Promise the Night tells the fascinating story of Beryl Markham's childhood in East Africa. Beryl Markha was the first woman to fly solo from east to west, across the Atlantic Ocean in 1936.
Markham was born Beryl Clutterbuck in 1902. In 1904 her mother and father along with Beryl moved to Kenya to farm. Within two years her mother had abandoned the family and returned to England, leaving 2 year old Beryl and her father in British East Africa. Beryl's father was a racehorse trainer and he allowed his young daughter to mingle freely with the African natives, learning their culture. MacColl's novel picks up the story when Beryl is ten years old, uneducated and mostly left to wander at will. The story is set on Green Hills Farm, Njoro, British East Africa which is now known as Kenya.
Beryl lives in a mud hut known as a rondavel only a short distance away from her father's rondavel. One night, her beloved dog, Buller, is attacked by a leopard who caries him off into the forest. When her father refuses to rescue the dog, the next morning Beryl goes into the forest to track and find him. In the bush she meets a native boy, Kibii who is from the Nandi tribe. Kibii was sent by his father, Arap Maina who works for Beryl's father, Captain Clutterbuck to find Beryl. Kibii locates Buller and together the two carry the severely injured dog back to her father's compound. Captain Clutterbuck tells Beryl she will be returning to England but when Beryl protests, Arap Maina offers to teach her the ways of the Nandi tribe as a means of keeping her out of trouble.
Beryl is taken to Kibii's village and meets his mothers and is told that she will help the Nandi women weave a thatched roof. However Beryl is not interested in women's work but instead wants to learn how to hunt. Arap Maina allows Beryl to train with the young boys learning "to track animals, wrestle and even throw a spear at a target." But she is not allowed to learn how to hunt. Later on Arap Maina's resolve weakens as Beryl insists that she wants to become a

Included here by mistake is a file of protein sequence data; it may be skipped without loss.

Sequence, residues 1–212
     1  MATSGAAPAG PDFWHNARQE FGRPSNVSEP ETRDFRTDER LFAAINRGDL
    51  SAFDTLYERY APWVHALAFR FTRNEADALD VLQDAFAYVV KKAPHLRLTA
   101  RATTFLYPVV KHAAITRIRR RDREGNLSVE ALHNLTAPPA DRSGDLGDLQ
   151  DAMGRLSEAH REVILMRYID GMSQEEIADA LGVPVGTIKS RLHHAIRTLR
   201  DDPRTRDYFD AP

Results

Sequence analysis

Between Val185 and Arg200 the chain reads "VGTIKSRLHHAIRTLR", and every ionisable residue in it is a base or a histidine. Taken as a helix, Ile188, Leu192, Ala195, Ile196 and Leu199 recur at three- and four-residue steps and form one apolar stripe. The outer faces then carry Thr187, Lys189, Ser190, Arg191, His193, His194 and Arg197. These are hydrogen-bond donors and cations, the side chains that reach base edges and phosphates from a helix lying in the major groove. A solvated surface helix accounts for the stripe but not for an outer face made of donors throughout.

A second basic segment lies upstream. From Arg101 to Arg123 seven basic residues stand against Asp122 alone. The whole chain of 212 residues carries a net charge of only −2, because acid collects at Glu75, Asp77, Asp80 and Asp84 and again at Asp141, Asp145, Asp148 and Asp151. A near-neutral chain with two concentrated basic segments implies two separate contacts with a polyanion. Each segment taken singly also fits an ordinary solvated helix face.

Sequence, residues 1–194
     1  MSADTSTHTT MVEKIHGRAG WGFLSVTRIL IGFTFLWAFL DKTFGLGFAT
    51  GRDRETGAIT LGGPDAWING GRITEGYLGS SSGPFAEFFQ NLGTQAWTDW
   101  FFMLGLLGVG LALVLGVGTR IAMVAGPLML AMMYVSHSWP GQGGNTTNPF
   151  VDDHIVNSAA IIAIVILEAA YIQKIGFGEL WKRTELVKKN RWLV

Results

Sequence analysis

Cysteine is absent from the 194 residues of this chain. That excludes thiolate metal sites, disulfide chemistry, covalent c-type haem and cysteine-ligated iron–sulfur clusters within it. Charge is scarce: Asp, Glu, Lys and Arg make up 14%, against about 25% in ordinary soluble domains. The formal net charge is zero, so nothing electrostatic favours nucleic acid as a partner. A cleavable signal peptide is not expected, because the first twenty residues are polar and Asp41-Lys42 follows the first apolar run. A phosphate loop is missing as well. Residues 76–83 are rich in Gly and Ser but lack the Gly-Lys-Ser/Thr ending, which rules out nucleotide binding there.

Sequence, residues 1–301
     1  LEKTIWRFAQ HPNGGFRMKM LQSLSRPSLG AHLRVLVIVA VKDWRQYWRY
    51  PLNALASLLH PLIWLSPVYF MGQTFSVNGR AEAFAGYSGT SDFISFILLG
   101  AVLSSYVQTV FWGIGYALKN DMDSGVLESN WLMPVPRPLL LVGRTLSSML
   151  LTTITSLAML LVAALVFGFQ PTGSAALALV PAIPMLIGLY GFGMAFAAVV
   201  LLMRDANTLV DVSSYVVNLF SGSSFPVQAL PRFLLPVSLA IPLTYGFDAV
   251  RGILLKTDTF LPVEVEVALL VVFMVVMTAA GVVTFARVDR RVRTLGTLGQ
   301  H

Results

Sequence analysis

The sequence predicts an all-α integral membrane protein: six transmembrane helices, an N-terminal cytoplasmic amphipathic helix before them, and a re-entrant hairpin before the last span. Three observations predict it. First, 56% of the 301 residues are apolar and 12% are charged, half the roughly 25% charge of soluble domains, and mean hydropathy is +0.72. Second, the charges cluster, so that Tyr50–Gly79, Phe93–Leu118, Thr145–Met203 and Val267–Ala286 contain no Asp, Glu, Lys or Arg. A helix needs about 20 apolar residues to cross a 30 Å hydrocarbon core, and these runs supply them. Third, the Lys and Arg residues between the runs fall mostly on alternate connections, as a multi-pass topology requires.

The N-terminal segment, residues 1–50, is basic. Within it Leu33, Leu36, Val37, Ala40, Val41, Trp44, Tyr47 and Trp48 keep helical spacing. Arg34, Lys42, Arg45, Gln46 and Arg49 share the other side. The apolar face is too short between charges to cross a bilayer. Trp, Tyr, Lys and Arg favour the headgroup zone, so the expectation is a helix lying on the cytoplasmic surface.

murani or warrior, something women are not allowed to do. Initially Arap
Maina allows Beryl to watch the Nandi hunt a leopard.
Mrs. Emma Orchardson arrives at the Clutterbuck Farm along with her son Arthur, to keep house for Beryl's father. Beryl's father has built a new house, which Beryl notes might have convinced her mother to remain on the farm if it had been built years ago. Beryl however, continues to live in her hut. She doesn't take very well to Arthur whom Beryl considers to be somewhat of a sissy. Beryl's dislike of Arthur almost results in her and Arthur being seriously injured by Simi the baboon who is a pet on the farm. Simi viciously attacks Arthur leading Beryl to quickly intervene. She finds herself in a deadly battle with the baboon, whom she ends up killing.
That night Kibii takes Beryl to the Kikuyu village to watch the men dancing. However, when Beryl goes missing her father sends one of his Boer foremen to search for her and she is hauled home. Captain Clutterbuck is concerned about Beryl's knack for getting herself in dangerous situations, while Emma worries about her wild upbringing. Emma insists Captain Clutt hire a governess for his daughter, which he reluctantly agrees to do.